Wyoming’s June Sports Betting Numbers Reveal Summer Slowdown But Signal Year-Over-Year Growth

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A general view of War Memorial Stadium is shown in Laramie, Wyoming. Image taken from Wyoming Cowboy Football's official Facebook page.

The Wyoming Gaming Commission announced the sports betting numbers for June, and predictably they were far lower than the previous month but revealed a year-over-year increase from June of last year.

Sluggish Summer

The decreases in Wyoming sports betting handle and revenue in June reveal a predictable pattern all across the nation. June is when summer really begins and people turn their attention to outdoor activities and getaway vacations but even avid sports bettors don’t have many options other than Major League Baseball and a smattering of golf, tennis, and MMA events.

Therefore, the nearly 26% decrease in handle, from 12.78 million in May to $9.48 million in June was expected, as was the 40.6% decrease in revenue, which saw profits plunge from $1.31 million to $775,389 in the one-month span.

However, the silver lining was the year-over-year increase in handle and gaming revenue which saw 29.5% and 15.1% increases, respectively, from last June. And when the sportsbook operators suffer lulls so too does the taxman, as Wyoming generated just $37,704 in tax revenue from the books last month.

DraftKings Maintains Top Spot

Unlike in many states where FanDuel and DraftKings form a virtual duopoly, with the former routinely the most popular sportsbook in terms of handle and delivering the highest revenue, such is not the case in the Cowboy State.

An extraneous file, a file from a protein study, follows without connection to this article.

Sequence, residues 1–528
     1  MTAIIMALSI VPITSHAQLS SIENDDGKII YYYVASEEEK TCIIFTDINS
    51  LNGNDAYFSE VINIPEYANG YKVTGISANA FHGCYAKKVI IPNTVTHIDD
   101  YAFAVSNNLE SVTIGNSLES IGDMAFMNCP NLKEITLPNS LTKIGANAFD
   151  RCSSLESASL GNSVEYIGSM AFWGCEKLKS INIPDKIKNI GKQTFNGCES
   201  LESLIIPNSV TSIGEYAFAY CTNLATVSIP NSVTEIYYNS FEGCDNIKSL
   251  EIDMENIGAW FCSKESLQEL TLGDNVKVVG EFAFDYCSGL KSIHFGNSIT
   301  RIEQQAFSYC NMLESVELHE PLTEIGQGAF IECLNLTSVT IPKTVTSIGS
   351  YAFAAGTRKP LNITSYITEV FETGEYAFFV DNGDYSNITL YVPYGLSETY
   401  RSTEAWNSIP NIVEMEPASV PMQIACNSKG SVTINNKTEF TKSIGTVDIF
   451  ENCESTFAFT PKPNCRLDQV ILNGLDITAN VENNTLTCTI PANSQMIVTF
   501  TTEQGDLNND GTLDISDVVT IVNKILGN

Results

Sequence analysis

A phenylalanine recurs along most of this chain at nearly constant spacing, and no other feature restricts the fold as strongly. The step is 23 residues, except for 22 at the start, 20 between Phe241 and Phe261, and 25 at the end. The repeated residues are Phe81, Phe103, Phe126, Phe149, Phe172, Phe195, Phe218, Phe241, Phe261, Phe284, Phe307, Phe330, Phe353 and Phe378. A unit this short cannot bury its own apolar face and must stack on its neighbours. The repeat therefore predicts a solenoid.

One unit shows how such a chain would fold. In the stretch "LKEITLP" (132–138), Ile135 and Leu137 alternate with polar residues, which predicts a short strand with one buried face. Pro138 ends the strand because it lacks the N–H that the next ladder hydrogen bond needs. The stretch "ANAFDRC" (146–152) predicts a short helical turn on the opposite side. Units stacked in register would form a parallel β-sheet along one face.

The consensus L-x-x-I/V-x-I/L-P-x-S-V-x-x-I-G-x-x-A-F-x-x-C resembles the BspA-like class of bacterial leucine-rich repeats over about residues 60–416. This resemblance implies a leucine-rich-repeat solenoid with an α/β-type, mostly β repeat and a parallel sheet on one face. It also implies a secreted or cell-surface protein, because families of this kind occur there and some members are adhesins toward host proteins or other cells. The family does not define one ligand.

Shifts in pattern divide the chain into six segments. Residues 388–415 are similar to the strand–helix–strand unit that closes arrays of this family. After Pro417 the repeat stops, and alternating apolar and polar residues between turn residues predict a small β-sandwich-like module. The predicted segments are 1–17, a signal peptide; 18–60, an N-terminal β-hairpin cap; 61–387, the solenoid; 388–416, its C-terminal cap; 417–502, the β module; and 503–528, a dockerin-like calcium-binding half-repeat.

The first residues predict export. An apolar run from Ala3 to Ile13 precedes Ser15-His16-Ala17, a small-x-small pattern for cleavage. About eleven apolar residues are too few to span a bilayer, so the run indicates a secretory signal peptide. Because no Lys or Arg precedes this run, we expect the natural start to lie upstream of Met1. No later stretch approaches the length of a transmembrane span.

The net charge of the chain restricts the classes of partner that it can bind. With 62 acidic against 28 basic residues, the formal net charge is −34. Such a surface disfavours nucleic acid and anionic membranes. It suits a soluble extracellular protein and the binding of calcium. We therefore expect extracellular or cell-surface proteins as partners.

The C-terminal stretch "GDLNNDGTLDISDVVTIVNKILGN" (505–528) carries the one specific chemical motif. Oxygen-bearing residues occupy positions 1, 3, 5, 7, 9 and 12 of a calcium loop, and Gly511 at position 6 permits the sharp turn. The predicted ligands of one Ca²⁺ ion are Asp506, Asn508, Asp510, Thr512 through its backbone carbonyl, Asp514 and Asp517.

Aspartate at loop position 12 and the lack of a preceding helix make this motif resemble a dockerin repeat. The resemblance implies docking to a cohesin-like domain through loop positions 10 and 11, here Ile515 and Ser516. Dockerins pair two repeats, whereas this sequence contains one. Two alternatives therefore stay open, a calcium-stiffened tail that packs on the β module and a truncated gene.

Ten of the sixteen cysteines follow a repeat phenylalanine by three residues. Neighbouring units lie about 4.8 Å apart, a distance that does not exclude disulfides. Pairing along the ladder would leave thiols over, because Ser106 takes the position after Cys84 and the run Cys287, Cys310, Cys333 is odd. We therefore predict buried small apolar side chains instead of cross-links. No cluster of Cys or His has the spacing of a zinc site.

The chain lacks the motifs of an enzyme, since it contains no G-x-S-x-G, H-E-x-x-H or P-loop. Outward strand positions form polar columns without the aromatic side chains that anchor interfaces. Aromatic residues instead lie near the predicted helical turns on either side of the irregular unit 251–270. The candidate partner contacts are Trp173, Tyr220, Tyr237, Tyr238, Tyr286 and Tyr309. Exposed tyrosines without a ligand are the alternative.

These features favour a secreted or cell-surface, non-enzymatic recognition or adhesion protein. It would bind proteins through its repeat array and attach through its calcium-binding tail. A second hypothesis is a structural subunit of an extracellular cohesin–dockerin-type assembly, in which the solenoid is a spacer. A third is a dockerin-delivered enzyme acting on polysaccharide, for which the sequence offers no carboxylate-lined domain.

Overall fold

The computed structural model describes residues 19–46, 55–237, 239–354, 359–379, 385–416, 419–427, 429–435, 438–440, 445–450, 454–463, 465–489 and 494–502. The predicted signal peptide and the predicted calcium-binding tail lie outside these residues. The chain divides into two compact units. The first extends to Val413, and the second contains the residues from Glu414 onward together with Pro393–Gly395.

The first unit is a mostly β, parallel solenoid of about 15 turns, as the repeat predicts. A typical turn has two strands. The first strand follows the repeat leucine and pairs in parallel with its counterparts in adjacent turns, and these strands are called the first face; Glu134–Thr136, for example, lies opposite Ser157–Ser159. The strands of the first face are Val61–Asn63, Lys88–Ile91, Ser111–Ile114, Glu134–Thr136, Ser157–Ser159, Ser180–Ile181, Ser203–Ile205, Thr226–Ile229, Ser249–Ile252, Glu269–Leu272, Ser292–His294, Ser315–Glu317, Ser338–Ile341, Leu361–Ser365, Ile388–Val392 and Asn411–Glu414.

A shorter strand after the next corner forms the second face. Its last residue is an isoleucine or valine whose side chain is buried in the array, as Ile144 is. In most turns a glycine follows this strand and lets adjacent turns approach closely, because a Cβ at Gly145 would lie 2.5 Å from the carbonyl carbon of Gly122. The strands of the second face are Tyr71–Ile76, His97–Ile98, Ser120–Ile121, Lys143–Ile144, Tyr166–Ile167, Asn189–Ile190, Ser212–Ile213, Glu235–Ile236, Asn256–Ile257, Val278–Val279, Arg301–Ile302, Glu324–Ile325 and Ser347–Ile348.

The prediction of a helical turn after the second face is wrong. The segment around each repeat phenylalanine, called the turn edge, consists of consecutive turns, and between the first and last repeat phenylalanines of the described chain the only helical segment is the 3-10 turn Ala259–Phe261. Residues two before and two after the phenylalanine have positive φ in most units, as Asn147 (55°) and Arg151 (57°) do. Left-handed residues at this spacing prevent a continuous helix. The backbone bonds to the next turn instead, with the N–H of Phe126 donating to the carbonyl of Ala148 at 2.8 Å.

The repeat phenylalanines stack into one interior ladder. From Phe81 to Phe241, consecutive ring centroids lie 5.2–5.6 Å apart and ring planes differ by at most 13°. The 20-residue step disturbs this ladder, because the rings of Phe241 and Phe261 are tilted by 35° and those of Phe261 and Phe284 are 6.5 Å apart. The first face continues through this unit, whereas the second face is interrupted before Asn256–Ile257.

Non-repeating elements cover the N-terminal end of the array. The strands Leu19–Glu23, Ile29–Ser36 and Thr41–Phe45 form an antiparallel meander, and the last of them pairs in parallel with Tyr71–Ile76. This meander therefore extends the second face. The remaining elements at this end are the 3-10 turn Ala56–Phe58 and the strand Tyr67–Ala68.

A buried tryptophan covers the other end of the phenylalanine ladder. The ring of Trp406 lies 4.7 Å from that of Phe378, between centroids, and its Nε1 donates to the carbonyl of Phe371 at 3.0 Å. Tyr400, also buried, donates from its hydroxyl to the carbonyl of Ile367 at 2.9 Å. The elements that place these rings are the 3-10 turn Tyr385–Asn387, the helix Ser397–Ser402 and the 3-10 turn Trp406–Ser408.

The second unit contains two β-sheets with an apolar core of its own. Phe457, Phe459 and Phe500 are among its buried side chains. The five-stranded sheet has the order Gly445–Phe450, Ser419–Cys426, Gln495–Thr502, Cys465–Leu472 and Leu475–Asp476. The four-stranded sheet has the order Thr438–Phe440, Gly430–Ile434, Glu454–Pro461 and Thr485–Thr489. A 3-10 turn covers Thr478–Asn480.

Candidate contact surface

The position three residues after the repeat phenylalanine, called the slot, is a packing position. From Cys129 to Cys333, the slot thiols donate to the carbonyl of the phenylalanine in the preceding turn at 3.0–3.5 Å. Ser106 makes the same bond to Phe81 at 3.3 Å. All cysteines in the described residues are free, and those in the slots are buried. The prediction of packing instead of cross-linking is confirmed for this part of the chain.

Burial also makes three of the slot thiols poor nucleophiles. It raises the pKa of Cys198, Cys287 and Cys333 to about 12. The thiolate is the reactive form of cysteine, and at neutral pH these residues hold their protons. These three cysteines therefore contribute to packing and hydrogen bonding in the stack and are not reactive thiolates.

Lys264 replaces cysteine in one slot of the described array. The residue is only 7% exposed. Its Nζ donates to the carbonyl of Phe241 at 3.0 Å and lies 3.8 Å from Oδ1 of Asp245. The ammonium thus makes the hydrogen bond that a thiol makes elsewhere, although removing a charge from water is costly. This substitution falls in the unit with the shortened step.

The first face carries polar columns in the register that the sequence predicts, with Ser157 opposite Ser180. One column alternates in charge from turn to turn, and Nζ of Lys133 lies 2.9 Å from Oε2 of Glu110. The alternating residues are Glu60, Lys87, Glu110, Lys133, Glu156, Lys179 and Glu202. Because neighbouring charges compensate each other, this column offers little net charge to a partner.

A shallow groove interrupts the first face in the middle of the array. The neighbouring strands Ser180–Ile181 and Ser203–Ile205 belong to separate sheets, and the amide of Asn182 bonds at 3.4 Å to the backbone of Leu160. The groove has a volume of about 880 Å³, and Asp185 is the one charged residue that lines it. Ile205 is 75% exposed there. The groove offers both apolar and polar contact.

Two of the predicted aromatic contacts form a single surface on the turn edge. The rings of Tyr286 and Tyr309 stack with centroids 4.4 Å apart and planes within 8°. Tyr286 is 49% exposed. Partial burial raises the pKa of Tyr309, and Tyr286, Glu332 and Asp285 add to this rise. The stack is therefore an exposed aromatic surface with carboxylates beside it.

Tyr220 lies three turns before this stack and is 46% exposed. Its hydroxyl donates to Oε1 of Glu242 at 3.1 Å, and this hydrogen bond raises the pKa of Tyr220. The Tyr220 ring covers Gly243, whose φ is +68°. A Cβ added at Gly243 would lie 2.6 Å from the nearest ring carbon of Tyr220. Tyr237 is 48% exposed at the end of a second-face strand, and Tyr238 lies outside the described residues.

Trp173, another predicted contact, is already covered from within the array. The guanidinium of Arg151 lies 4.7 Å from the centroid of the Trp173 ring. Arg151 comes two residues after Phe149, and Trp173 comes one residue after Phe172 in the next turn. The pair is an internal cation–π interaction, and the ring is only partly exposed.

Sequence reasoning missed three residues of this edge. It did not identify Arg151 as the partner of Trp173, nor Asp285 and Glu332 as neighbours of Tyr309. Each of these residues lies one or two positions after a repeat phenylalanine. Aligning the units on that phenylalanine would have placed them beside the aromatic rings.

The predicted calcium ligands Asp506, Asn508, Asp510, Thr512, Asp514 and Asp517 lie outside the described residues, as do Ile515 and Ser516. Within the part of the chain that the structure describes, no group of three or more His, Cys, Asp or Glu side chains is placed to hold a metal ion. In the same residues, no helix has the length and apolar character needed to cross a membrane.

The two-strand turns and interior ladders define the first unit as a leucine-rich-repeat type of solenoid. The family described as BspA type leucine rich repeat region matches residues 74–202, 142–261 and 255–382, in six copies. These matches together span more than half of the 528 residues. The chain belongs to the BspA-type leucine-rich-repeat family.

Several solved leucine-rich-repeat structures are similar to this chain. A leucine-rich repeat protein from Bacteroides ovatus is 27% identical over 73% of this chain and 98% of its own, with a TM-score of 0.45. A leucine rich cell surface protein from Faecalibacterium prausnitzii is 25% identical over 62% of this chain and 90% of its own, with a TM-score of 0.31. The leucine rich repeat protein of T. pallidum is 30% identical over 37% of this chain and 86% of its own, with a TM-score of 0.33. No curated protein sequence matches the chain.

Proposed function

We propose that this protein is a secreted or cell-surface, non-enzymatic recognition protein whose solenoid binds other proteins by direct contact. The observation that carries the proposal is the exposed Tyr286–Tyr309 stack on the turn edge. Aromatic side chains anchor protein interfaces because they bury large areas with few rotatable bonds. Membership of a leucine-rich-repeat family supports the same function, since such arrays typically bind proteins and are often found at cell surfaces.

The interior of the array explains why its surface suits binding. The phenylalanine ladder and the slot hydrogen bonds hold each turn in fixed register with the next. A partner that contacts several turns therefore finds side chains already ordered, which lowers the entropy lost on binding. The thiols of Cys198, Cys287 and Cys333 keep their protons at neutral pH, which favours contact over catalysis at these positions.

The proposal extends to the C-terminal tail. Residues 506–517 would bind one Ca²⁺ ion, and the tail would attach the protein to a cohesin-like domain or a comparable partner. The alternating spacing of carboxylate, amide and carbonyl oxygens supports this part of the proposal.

DraftKings, normally a bridesmaid to FanDuel but rarely a bride, has an iron grip on mobile sports betting in Wyoming, more than doubling its nearest competitor in June.

Wyoming’s top four sportsbooks in terms of handle in June were as follows:

  • DraftKings: 58.6%
  • BetMGM: 27.6%
  • FanDuel: 11.2%
  • Caesars: 2.6%

All showed year-over-year increases but in an interesting twist, DraftKings and BetMGM were the first to launch in Wyoming in September 2021 while FanDuel didn’t arrive at the party until March 2022 followed by Caesars in August 2022.

Understanding the Betting Landscape

And while it’s unusual to see FanDuel holding down the third spot, it illustrates why sportsbooks spend so much money on sign-up and promotional bonuses to acquire early adopters. Studies have shown the average sports bettor uses only one sportsbook and has just one account.

And while having only one set of lines to bet is far from optimum, the recreational bettor does not seem to consider that odds and lines differ from sportsbook to sportsbook. Thus, the reason why professional bettors, also known as sharps, have several books at their disposal to get the sharpest number or the best price.

You will find no commercial casinos in Wyoming, only four tribal casinos operated by two tribes, and there are currently four online sportsbooks operating in the nation’s least populated state (approx. 578,000) with Barstool and PointsBet (soon to be Fanatics) already having permits but have yet to launch.

According to state law, operators pay $100,000 for an initial five-year license and a $50,000 renewal fee thereafter. Sports betting revenue in Wyoming is taxed at 10% on gross proceeds. A yearly allocation of $300,000 is reserved for gambling addiction programs and treatment.